Following a previous post, Central Kalahari Game Reserve: Respite for the Spirit, I’d like to share some tips for camping in the Central Kalahari. This is assuming that you’re going the self-drive route, which we typically do from Johannesburg. A 4×4 vehicle is a prerequisite, preferably with an off-road trailer and rooftop tent, or off-road caravan. These can be hired in South Africa or Botswana, or you may choose a guided safari (also offered via that last link).
To clarify, camping in the Central Kalahari is survivalist-style, because the facilities are rudimentary, if any (long drop toilet and bucket-type shower which may or may not include clean or otherwise water) and there are no fences…meaning that lions can prowl past your tent whenever the fancy takes them, which it often does. There must be little in the world that thrills quite so thoroughly as a nearby roar, awakening the senses to a spine-chilling experience of Real Life.
Tip No. 1 is to pack a healthy dose of respect into your travel bags; for nature and her wild animals. If you’re visiting the African bushveld for the first time, it would be wise to familiarise yourself with their ways, by reading up on their behaviour or watching some of the wealth of footage available on YouTube, TV or good old-fashioned film. At the same time, be aware that the wildlife is not inherently dangerous, or particularly bothered about human beings. Fear is not called for. In fact, it doesn’t belong here, but dignity and respect do.
As wildlife photographers and videographers, we have fifteen-odd years of wilderness experience to draw on, including countless trips to the Central Kalahari specifically. It’s tricky to fit this into one blog post, so I’ll do a second one soon. Here are the first few guidelines that come to mind immediately:
- Book your campsite/s in advance – or put on your most skilled negotiating shoes, and pray that this works . . .
- Make sure that you have sufficient local currency with you, plus a bit extra. There are no auto banks in the desert, or exchange booths.
- Load relevant waypoints on your GPS before you leave, but it won’t hurt to have a backup map too, in case you encounter any trouble with your GPS.
- Take lots of water; enough for drinking and washing – even if you plan not to 🙂
- A gas shower is first prize, but bag showers also work (which can be laid out in the sun to warm up). Try to strike a balance between enough pressure to wash and not too much, to preserve your supply. This is an art!
- Preferably travel in a convoy of at least two vehicles. You never know what might happen or where you might get stuck, miles from help.
- Naturally, ensure that services are up to date, wheels are aligned, etc. Also, tighten your vehicle’s wheel nuts yourself. (A friend of ours had a wheel spin off completely during a game drive, after the nuts were left loose by a poor wheel alignment job.)
- Beef up your car’s tool kit and consider including things like an inflatable jack (we used two at once to replace our friend’s wheel) and a fitted winch. Spare tyres, properly pumped, go without saying.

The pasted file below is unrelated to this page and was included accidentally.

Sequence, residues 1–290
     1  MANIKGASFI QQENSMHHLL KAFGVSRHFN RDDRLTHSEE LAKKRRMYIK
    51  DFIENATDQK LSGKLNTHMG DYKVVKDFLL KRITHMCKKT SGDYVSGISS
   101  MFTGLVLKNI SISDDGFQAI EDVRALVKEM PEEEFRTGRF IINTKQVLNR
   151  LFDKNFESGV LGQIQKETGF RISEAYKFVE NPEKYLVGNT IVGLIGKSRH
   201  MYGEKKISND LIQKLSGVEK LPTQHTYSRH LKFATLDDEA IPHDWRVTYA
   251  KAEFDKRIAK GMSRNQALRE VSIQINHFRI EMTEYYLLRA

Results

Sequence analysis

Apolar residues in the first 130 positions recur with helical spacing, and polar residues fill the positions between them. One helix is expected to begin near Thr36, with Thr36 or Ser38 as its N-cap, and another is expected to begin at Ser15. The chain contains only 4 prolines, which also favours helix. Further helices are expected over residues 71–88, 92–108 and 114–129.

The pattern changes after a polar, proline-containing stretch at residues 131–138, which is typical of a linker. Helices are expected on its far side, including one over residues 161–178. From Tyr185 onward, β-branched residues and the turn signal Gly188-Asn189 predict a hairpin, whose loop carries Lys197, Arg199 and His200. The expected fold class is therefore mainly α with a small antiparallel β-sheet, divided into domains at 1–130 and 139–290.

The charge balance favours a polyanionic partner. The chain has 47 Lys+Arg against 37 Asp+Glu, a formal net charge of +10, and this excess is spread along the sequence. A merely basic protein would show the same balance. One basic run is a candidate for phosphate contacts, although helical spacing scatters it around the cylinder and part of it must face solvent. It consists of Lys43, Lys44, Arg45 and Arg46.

- Don’t forget your passports and vehicle papers (including for an off-road trailer or caravan) if you’ll be crossing the Botswana border, or your holiday will end before it even begins.
- Take effective two-way radios, one per vehicle, and be sure to test them before you leave. This is not only useful, but a lot of fun too, particularly if you have witty friends 😀
- Hiring a satellite phone could prove invaluable because there is no cellphone reception. Having said that, though, we’ve never taken one with us and friends who have done so, haven’t had the need to use theirs. It all comes down to how risk-averse you are . . .
- Calculate your total fuel requirements for your trip, including enough to cruise around game viewing, and of course to return to civilization. Diesel is your best bet in terms of consumption and availability.
- Top up all your fuel cans at one of the towns closest to your destination, and preferably carry the cans outside your vehicle, such as on a roof rack.
- If you don’t have a roof rack, consider getting one. Not only can it carry extra items, but it’s the best place to park off, take in the scenery and catch a tan, if you’re that way inclined. Many game reserves don’t allow this, but as of our last visit, it was acceptable in the Central Kalahari – one of the big perks of a seriously remote location.
- Find out about current rules, just in case, such as whether or not you may sit on the roof and walk around outside your vehicle (which should clearly be done with due caution). Game rangers patrol the area, but you can expect to see them seldom, and hardly any other people – another great perk, if you appreciate solitude.
- Savour your surroundings and soak in the magnificence of one of the world’s last true wildernesses!
More tips will follow soon, so if you found this helpful, please stay tuned . . .